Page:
Thursday, November 21, 2013
Compass or GPS needed in the woods
I'm hunting from a friends cabin near Roscommon. I might just as well be in the middle of Clarkston for the lack of deer.
Hunting unfamiliar land like the Mason Tract is a little like someone dropping you in the middle of the Mojave Desert and telling you to find water. It's not going to happen.
Neither am I going to run into a nice buck meandering his way through the woods I'm sitting in, crossing a two track, plowing through some thick cedar, all on the way to the AuSable River and a drink.
On my drive into the area I was to hunt I saw no tracks in the soft sand of the road. Once I had parked and gotten my gear together, I headed for the opposite side of the road away from the river.
Again, there wasn't any sign. But a short walk into the brushy field and I saw a run that looked like I-75. It was large and seemed to be well used. Other runs were in the area.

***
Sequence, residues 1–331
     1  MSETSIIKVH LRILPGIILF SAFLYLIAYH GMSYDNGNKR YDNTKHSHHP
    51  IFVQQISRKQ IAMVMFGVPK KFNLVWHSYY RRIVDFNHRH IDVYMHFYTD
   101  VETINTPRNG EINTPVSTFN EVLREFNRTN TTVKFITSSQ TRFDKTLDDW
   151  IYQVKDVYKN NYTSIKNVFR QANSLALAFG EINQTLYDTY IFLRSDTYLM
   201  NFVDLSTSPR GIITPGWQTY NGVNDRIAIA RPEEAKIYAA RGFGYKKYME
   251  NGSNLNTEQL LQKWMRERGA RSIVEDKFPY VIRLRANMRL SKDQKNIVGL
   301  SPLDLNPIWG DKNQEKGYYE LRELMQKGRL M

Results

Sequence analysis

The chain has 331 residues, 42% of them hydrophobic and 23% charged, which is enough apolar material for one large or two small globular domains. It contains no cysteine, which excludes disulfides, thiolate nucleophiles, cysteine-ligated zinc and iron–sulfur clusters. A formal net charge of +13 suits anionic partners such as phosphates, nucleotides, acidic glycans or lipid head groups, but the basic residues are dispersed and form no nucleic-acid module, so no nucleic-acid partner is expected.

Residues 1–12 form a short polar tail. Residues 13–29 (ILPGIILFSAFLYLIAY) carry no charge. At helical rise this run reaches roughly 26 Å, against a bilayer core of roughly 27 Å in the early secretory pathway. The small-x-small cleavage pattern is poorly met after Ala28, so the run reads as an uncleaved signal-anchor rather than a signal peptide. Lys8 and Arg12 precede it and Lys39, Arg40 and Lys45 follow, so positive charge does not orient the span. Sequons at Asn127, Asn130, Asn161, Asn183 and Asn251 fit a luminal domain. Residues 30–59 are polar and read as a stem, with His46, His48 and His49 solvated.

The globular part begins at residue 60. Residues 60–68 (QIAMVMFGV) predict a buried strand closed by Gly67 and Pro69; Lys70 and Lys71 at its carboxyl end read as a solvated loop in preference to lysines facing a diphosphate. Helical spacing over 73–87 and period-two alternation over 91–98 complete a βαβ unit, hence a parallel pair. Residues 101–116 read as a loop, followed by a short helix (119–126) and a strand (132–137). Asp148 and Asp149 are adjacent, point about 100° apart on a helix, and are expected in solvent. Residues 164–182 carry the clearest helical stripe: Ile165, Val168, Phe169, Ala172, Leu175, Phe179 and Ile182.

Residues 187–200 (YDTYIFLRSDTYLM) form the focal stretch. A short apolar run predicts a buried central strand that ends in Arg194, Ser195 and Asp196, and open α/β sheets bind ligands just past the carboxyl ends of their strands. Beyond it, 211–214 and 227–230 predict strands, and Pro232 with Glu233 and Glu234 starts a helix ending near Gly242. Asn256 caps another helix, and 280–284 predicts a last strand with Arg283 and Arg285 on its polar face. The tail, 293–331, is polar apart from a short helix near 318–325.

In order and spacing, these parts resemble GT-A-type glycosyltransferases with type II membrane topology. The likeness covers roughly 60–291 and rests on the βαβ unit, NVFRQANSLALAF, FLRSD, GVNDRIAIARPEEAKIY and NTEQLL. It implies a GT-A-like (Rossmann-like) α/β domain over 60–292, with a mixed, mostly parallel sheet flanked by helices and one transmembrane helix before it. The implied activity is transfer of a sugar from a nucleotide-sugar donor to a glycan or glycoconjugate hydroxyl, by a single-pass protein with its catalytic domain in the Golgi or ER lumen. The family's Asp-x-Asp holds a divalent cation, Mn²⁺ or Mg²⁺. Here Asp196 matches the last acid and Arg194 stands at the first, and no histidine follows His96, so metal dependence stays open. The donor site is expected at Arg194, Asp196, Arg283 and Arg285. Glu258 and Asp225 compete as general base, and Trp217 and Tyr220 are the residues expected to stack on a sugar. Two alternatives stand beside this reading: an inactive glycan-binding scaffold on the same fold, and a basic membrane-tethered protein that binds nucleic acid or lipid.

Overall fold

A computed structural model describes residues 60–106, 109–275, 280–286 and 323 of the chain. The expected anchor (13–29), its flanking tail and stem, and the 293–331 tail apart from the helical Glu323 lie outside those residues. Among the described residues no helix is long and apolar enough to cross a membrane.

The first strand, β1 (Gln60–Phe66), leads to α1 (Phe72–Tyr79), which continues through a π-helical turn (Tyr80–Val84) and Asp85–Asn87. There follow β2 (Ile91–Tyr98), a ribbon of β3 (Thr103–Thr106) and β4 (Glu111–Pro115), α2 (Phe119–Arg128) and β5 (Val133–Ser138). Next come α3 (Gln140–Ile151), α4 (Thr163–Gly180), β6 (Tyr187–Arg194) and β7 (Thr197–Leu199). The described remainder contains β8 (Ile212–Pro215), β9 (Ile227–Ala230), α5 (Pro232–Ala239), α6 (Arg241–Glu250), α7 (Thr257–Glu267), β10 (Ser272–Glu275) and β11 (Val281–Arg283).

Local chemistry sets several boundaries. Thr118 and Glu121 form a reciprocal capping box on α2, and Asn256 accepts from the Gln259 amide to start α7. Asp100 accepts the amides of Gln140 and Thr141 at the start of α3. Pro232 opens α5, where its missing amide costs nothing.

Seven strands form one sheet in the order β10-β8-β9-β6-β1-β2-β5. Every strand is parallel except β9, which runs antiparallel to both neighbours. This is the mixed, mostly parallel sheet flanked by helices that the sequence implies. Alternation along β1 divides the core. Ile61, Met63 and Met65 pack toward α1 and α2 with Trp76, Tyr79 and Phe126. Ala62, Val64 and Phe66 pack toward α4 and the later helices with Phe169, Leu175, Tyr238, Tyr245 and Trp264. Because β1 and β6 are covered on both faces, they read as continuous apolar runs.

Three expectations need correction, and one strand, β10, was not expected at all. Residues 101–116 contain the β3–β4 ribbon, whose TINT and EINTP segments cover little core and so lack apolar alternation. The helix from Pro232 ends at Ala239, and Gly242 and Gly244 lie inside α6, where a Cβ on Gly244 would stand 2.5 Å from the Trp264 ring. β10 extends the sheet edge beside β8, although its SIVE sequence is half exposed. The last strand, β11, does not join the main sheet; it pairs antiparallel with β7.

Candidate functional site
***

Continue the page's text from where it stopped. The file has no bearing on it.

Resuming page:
All around me were huge trees that had been toppled during the recent wind storm. Runs ran near the downed trees then skirts them to get to the other side.
Walking into the woods about a quarter of a mile, I found what looked like a good spot to sit. I could observe several runs in front of me and the wind was right. I didn't see a single whitetail.
Just shy of the lights going completely out, I decided to call it a day and began walking out. Somehow, I angled my walk away from my truck. By the time I hit the two track, I had to look hard to see it.
I'm glad I didn't wait much longer or I could have still been out there looking for my ride. Even though I hadn't gotten too far off the beaten path, that woods began looking like it had when I walked in.
With no compass or GPS to guide me, I was on my own. It's a good thing that some dead reckoning paid off.